How to diet without always feeling really hungry

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Feeling constantly hungry while dieting is a very possible step towards weight loss failure. Hunger may not only slow your metabolism down, it could force you to make poor food choices in a desperate attempt to curb your appetite. 

But what if you could eat lower calorie foods, maintain appetite control, resist your urge to overeat and lose weight?

A new study, published in the Journal of Nutrition this month, has examined whether a diet rich in low calorie foods could help overweight or obese women to control their appetite and over-eating habits.

“The LED meals increased sensations of fullness and reduced hunger, desire to eat, and prospective consumption throughout the day.”

The study’s authors compared the effect of low energy dense (LED) meals and high energy dense (LED) meals on the appetite of over 90 dieters in the UK.

The results show that overweight or obese women could improve their appetite control and sustain weight loss if they maintained a diet full of LED meals. 

“The LED meals increased sensations of fullness and reduced hunger, desire to eat, and prospective consumption throughout the day,” the study reads.

“The current findings demonstrate the utility of LED meals for reducing subjective sensations of appetite and meal energy intake in overweight or obese women during active weight loss.”

According to the British Nutrition Foundation, energy density refers to the amount of energy – or calories – per gram of food. Low energy dense foods have fewer calories per gram while high energy dense foods contain a lot of calories per gram.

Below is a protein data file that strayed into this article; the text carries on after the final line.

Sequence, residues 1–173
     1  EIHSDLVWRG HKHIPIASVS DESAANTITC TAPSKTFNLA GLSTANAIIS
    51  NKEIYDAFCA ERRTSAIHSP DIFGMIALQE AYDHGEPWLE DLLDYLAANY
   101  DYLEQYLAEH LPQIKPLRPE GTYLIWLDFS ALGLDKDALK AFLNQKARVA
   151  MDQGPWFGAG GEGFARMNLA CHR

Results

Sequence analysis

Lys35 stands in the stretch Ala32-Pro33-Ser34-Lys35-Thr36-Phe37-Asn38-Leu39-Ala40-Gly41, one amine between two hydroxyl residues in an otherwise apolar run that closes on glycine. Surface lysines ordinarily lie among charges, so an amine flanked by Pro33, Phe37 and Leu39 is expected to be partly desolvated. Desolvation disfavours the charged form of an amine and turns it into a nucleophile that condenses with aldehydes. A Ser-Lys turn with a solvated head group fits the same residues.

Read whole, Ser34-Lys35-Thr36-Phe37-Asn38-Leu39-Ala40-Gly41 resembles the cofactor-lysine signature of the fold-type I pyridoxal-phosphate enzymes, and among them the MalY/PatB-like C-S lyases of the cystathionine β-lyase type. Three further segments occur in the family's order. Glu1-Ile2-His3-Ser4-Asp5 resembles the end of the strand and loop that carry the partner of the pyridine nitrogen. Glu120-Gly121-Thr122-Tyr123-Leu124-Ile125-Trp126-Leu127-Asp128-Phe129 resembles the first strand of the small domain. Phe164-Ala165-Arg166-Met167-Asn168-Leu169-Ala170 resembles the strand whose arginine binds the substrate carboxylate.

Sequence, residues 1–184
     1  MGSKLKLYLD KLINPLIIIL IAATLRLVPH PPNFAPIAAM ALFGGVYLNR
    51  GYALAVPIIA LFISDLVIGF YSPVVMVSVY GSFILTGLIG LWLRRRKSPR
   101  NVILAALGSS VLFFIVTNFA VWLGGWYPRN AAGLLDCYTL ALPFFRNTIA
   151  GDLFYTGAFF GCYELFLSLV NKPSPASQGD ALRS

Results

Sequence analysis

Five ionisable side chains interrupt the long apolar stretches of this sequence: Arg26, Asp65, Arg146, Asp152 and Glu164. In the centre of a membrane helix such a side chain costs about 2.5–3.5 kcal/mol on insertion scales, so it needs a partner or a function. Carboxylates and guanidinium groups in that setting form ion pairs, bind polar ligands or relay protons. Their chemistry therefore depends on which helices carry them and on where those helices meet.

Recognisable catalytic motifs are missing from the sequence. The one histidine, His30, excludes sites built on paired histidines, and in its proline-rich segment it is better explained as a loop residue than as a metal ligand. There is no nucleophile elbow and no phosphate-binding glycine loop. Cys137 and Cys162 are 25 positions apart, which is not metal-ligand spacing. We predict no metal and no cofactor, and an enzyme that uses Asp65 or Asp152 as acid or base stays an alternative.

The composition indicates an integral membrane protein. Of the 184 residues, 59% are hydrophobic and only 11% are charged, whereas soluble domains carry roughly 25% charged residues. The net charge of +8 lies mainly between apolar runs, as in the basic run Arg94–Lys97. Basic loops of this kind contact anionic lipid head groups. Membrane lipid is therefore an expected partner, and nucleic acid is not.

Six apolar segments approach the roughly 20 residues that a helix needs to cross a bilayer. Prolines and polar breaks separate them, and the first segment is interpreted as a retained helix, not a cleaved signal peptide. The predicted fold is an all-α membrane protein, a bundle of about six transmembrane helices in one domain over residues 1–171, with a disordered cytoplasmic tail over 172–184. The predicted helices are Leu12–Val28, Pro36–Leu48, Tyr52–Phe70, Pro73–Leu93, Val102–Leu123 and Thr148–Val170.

Low energy dense foods usually have a high water content – like soups, stews and various fruits and vegetables that contain a lot of water – and may also be rich in fibre. High energy dense foods may be high in fat and have a low water content, like potato chips, sweets, butter and cheese.

What did they eat?

Researchers recruited women, aged 18-65 who had a BMI of 28-45 from a popular UK weight loss group called Slimming World.

The participants were only allowed to eat meals that contained less than one kilocalorie (equal to one large Calorie or around 4.2 kilojoules) per gram of food.

The women ate 20 per cent of their entire energy requirement at breakfast, 30 per cent at lunch, around 30 per cent at dinner and 20 per cent when snacking.

“The LED and HED evening meals were a beef-based chilli with sides and a sweet dish,” the study reads. “The LED meal was lower in energy density, percentage of energy from fat, and grams of fibre, and was higher in percentage of energy from protein and from carbohydrates.”

Sweet and savoury snacks were provided in transparent containers at the lab for the women to eat at night. 

“LED snacks were lower in energy density, percentage of energy from fat, and grams of fibre, and were higher in percentage of energy from protein and from carbohydrates.”

For over three months, the women provided information about how hungry, full, motivated or deprived they felt during the trial. They did this before and after every meal, and at various morning and afternoon intervals.

“LED snacks were lower in energy density, percentage of energy from fat, and grams of fibre, and were higher in percentage of energy from protein and from carbohydrates.”

The study showed that the women’s hunger, desire to eat and the amount of food they consumed had reduced.

Their appetite had decreased almost at every point on the days where the participants ate LED (or low calorie) meals compared to the days they ate higher calorie meals (HED). The only exceptions were just before breakfast and after their evening meal. The participants also rated their fullness as being significantly higher at every point throughout the day except just before breakfast.

Research from the Obesity Society published in 2012 also examined the experience of food cravings during a low calorie diet and a supplement‐based very low calorie diet. Results showed that after 11 weeks of a low calorie diet, participants did not crave more food. The more restrictive supplement‐based diet actually resulted in significantly larger decreases in food cravings by week five. Study participants did not rebound when they went back to eating solid foods.



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